4 Tips to Promote Social Media SafetyPosted By HarborChase on April 1, 2020
The internet is a great way to stay connected with family and friends, shop, read current news and events, and access pertinent information. However, as with any new tool or technology, it’s essential to be safe and informed.
Though the internet offers a variety of benefits, it can also raise security concerns. It’s estimated that every year nearly $3 billion is taken from seniors who fall victim to online scams. For family members or loved ones, this can be a concern, as you may not always be aware of how the senior in your life is using the internet.
One online area that has grown for the senior population is their use of social media. While there are pros and cons of social media, the advantages can outweigh the disadvantages as long as a user is making safe decisions online. While online scams can prove to be elusive, there are steps users can take to avoid a possible scam or fraud attempt.
HarborChase Senior Living encourages our residents and their families to connect with us on social media! For that reason, we would like to share four tips to promote social media safety for you or a loved one.
1. Trust Should Be Earned
Perhaps one of the most straightforward social media safety tips is that trust should be earned, not given. Unless you or your loved one has a real-life connection with a person, be cautious. This includes not accepting friend requests from people you do not know and not responding to emails from an unknown email address.
2. Always Check Links Before Clicking
A popular method of online scamming is an email probing for sensitive information. For example, receiving an email warning that your account has been compromised and asking you to confirm personal data like your login, password, or security questions. In these situations, you or a loved one should investigate before submitting any information. Remember, reputable institutions like banks or businesses will never ask for personal information like social security numbers, credit card information, etc. via email.
Often on social media, we may receive a message saying something like, “Have you seen this photo of you?” or “Receive your free gift card!” The message will then link to a page that looks identical to the social media site and prompts the user to log in, giving a scammer access to the account and the login credentials. You or your loved one should always ensure that a URL is correct for a social media site, and customize your settings so that only your connections can message you.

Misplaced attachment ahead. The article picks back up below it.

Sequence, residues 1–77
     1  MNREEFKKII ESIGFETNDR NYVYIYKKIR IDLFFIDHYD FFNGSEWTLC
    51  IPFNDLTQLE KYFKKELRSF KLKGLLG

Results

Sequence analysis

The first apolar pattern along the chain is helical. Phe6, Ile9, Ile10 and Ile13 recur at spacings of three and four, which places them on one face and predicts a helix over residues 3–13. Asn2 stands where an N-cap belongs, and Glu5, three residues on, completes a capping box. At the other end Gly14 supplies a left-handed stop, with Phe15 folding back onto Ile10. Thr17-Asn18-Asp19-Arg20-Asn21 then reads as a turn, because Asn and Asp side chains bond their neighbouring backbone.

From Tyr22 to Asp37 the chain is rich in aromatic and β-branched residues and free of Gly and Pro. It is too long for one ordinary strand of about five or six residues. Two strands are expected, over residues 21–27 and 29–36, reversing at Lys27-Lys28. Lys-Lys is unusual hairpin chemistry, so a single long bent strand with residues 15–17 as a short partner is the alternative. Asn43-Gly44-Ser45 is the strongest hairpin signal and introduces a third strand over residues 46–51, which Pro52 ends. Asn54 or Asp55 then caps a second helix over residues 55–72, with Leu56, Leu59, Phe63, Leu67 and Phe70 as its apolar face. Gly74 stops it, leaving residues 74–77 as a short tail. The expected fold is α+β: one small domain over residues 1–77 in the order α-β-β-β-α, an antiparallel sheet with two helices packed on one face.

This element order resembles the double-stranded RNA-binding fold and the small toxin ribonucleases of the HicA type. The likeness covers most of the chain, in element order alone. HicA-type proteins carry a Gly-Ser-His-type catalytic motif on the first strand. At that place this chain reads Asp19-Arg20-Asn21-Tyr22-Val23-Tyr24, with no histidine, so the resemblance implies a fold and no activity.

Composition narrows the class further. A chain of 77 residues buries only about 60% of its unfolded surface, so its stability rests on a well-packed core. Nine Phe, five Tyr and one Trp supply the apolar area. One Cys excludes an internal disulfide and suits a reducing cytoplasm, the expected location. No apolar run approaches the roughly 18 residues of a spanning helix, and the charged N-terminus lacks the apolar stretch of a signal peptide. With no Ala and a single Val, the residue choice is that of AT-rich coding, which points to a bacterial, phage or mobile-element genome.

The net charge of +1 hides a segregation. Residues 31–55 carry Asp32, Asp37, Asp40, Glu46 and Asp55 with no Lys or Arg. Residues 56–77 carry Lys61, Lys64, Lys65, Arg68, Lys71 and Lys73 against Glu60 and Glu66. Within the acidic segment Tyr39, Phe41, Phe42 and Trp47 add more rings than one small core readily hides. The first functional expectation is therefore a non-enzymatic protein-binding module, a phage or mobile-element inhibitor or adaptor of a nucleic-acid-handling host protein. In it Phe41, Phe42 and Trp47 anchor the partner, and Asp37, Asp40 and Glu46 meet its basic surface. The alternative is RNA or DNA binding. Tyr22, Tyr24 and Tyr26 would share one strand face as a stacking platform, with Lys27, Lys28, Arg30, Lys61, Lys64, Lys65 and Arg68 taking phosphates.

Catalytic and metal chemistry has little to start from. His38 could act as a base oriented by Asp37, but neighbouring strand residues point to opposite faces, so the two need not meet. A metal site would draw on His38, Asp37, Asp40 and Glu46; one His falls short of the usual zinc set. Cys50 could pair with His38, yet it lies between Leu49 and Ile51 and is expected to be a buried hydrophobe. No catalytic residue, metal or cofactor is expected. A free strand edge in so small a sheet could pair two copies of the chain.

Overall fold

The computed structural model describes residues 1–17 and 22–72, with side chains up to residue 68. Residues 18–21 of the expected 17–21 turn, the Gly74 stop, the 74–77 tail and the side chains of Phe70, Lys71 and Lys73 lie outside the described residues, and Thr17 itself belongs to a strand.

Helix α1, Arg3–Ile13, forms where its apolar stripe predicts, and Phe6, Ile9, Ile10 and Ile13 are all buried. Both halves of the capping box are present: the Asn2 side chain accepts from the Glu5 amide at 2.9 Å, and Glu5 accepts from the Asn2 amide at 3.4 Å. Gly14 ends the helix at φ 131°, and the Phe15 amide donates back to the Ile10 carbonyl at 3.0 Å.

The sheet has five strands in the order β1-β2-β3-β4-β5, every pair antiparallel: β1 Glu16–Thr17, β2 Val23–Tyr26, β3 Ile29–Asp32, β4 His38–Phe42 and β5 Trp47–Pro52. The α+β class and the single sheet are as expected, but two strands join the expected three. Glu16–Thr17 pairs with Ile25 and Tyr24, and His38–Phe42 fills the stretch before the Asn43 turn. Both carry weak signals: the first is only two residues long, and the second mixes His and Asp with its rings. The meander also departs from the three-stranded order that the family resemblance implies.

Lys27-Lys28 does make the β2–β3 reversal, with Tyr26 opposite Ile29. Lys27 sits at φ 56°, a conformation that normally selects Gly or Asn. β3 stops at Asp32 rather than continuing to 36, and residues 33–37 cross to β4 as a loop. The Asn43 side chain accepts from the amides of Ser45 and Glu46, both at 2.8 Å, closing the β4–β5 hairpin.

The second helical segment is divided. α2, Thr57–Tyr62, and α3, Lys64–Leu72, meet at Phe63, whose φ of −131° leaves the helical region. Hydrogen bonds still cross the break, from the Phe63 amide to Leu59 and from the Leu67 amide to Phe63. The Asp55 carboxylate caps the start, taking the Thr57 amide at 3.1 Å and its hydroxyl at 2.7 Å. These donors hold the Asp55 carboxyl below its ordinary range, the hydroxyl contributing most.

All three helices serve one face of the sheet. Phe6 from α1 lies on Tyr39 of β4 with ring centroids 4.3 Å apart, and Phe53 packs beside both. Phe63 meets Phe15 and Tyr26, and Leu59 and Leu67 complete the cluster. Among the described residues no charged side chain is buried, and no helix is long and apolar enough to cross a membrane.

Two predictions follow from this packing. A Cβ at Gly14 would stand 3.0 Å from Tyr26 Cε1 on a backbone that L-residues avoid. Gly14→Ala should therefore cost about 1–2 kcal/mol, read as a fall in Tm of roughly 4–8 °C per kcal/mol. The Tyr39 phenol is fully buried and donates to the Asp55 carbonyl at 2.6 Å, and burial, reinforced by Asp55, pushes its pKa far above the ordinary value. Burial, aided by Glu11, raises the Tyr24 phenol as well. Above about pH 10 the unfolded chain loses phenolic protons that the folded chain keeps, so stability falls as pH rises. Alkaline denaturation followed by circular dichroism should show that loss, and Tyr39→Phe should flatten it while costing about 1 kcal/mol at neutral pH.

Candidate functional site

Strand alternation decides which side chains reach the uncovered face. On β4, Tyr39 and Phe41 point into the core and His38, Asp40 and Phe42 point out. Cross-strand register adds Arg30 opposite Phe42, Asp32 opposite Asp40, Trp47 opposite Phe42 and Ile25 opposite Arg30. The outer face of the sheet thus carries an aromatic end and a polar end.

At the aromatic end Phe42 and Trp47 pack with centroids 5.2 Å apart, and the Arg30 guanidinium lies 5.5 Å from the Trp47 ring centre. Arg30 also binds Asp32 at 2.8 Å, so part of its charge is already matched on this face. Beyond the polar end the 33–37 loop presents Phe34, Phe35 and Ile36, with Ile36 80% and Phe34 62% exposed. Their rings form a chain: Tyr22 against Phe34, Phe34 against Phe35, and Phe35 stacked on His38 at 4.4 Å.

3. Customize Your Privacy Settings
Most social media platforms allow for a user to customize their privacy features as an added layer of protection. We encourage all users to utilize these features to protect themselves and their loved ones from fraudulent activity online. Depending on the platform, a user can:
- Limit who can view your profile, friends list, photos, etc.
- Limit who can send you messages
- Limit who can request you as a friend, i.e. only receive requests from friends of your connections
- Block other users
Without customizing the privacy settings on an account, you or a loved one are risking showing information or photos to potential scammers.
4. Be Careful with Passwords
For social media accounts, we typically use our email address as the login, which makes a secure password crucial.
If your parent or loved one is on social media, make sure they are aware of the importance of their password. A password should be medium to long (short passwords are easier to hack) and encourage them to change it often. If they have accounts on multiple social media platforms, make sure they are using a different password for each account.
Education and Awareness
There are a variety of scams and fraudulent activities online, so educating yourself or a loved one is an important step to preventing a criminal from taking advantage of personal information.
If your parent or loved one believes they have fallen victim to an online scam, we recommend contacting a local law enforcement agency. According to the FBI, seniors are less likely to report fraud because they may not know who they can report it to or feel too ashamed to admit it. Having a discussion with an older parent or loved one regarding social media safety is vital to protect their finances, identity, and their retirement.
If you are seeking more information regarding senior safety, we encourage you to browse our resources for more helpful information.